A way to free your class from having to create the objects it depends on.
Now the rest of this article explains the Abstract Factory pattern in 2 parts: The Problem and The Solution.
It is less motivating to study something if we don’t understand why that thing is important. That is why before getting into the what, let’s first understand the why. So the question to be answered first is: Why should a developer care about the Abstract Factory pattern?
Let’s say we are writing an application that will have to download an open-source component named “A” to run some tasks. We don’t give much thought about the possibility of having to switch to a different component in the future, so we go ahead and write classes that new up instances of an “ADownloader” class, which is responsible for getting the open-source library “A”. Suddenly, our class has to be aware of how to create that object and what dependencies it expects. At this point we are programming to the concrete type, and not to interfaces.
Soon after, our team or company decides that we will use a different open-source library named “B” and the previous one must be replaced in our code. Since we wrote classes that directly create the objects that interact with the “A” library, we made our app more tightly coupled to the that component, which makes it much more difficult to switch.
Why should we care about the Abstract Factory pattern? Because it is a well-tested pattern that aims to solve the problem above and by understanding and applying it we can save much time considering that our object-oriented components will be more maintainable.
What if there was a way to allow our “Downloader” classes to simply ask for an object that performs downloads and have some other part of the system take care of selecting the right type, instantiating and providing it to the calling class?
Enters the “Abstract Factory” pattern.
To exemplify this solution I will switch from the open-source downloader story above, to a more concrete analogy, a car manufacturer.
Suppose that an assembly line is currently producing hatchback cars. One of the robotic arms in that line was designed specifically to install the trunk door. However, one day the manufacturer decides to produce sedan cars in that same assembly line. They soon realize that the new plan will be delayed because one of the robotic arms was programmed to only work with hatchback cars and so it will have to be reprogrammed.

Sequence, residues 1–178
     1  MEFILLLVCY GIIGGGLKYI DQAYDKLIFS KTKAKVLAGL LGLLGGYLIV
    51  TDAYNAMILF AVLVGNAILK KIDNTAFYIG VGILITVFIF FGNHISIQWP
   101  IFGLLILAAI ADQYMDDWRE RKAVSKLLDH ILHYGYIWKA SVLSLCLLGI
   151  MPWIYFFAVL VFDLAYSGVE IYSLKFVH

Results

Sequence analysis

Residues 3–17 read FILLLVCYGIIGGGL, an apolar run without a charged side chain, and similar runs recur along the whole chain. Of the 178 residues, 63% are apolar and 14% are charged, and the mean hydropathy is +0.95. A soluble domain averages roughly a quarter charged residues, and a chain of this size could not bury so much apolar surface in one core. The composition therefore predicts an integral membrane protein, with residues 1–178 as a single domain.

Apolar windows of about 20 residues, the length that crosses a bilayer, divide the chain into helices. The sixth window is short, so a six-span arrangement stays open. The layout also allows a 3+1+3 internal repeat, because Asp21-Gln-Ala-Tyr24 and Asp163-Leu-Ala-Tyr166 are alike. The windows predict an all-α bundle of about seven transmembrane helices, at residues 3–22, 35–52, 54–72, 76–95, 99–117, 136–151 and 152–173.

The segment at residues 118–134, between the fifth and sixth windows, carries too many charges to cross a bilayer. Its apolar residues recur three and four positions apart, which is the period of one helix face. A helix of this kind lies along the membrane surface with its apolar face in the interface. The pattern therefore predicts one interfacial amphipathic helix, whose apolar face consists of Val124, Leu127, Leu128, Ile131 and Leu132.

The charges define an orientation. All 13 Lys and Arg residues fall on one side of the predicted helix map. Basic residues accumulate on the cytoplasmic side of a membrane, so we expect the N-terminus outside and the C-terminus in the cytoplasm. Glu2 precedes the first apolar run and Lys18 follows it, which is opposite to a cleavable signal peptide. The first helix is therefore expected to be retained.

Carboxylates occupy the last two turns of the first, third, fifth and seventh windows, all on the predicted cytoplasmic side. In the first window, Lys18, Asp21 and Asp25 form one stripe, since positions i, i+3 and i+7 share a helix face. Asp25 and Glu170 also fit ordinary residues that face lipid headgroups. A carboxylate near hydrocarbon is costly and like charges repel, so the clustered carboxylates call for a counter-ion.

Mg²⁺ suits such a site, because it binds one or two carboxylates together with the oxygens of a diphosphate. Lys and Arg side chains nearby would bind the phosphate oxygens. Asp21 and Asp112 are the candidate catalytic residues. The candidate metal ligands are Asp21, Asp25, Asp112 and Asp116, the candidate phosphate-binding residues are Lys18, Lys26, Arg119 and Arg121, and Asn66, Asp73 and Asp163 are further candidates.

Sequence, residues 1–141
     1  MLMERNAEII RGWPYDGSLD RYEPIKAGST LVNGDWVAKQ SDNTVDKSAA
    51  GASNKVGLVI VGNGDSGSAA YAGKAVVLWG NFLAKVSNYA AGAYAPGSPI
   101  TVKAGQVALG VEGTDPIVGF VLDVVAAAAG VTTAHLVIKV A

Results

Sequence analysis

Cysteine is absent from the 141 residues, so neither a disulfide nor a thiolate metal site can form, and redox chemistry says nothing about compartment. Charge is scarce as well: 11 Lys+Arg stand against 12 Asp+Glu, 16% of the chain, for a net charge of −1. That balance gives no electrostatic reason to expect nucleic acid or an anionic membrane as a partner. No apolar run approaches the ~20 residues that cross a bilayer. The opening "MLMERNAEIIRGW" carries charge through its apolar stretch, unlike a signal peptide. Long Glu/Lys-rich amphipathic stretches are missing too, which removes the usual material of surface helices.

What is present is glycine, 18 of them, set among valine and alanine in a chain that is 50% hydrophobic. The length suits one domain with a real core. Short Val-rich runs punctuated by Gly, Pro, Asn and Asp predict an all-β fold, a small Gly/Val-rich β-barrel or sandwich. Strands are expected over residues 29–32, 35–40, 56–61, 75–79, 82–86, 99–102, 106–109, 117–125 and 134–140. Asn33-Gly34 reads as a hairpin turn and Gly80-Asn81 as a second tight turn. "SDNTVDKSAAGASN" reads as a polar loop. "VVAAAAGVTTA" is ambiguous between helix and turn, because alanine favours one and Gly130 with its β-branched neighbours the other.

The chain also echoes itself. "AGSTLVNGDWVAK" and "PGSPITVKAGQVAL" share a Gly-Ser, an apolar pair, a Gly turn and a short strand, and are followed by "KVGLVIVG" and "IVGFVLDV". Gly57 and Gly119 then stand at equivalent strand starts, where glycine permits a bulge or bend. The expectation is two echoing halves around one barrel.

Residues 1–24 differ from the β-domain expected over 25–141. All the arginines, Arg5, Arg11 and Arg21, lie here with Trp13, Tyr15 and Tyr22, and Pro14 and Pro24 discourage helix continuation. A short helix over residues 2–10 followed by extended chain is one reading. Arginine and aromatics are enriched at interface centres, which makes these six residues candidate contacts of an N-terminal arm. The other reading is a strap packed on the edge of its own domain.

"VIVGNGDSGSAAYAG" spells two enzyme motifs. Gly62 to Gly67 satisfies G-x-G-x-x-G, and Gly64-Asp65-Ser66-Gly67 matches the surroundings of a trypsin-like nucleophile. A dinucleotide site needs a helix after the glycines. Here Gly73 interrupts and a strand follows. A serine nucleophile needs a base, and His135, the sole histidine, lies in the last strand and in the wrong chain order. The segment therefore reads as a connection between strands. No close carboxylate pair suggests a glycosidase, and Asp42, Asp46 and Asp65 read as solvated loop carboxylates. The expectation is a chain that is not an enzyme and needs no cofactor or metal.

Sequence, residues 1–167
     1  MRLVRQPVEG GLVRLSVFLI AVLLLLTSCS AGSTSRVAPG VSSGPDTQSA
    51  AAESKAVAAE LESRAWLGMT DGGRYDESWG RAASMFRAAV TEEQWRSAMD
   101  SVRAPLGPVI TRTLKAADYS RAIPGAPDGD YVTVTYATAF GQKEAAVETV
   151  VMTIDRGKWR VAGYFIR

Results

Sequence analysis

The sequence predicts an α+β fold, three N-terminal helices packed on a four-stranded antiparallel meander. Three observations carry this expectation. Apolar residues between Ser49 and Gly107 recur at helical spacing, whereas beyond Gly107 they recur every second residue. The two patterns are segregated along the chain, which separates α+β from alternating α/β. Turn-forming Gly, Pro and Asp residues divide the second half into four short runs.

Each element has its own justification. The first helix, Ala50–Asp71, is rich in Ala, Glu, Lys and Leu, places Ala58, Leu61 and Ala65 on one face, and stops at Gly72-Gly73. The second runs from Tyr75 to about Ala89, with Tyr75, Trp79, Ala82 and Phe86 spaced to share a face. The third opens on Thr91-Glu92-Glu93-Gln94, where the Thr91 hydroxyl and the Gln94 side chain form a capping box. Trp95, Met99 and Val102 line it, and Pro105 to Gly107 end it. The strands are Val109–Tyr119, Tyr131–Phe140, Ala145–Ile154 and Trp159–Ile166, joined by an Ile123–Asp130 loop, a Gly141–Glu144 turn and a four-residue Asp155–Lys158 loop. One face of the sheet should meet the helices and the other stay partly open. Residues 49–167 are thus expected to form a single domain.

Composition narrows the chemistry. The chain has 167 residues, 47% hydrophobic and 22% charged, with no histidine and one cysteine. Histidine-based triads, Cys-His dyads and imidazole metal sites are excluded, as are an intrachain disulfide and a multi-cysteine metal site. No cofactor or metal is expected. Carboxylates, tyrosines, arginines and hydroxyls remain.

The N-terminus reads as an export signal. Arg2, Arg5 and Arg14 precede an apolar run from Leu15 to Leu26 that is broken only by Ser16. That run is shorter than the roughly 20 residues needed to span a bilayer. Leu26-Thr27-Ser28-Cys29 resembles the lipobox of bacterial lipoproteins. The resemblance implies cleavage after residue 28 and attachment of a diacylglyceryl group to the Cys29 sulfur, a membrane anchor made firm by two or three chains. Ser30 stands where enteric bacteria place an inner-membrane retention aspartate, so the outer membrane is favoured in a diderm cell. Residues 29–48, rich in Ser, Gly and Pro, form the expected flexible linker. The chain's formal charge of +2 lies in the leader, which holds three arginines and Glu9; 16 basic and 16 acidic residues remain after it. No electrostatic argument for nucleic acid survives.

The problem here is that the robotic arm in our example is programmed to work with a specific car type, a concrete type. This has made the assembly line coupled to an specific car type.
Back to our analogy, this time the technicians decided to take a more flexible approach and they programmed the arm to be unware of the type of car it is working with, and all that it knows is that it has to install doors. The arm interfaces and gets the doors from a conveyor belt which will have doors for the car type currently being built in the assembly line.
Of course, this example is not perfect but it helps us understand that making the robotic arm unware of the car type made it more extendable to work with different types.
Similarly, in the world of object-oriented software, the Abstract Factory pattern helps us create classes (robotic arms) that are unware of the concrete types of the objects it will receive from an interface (conveyor belt). Depending on the context, that interface may return different types to the calling class which makes our application less coupled, more maintainable, testable and extendable.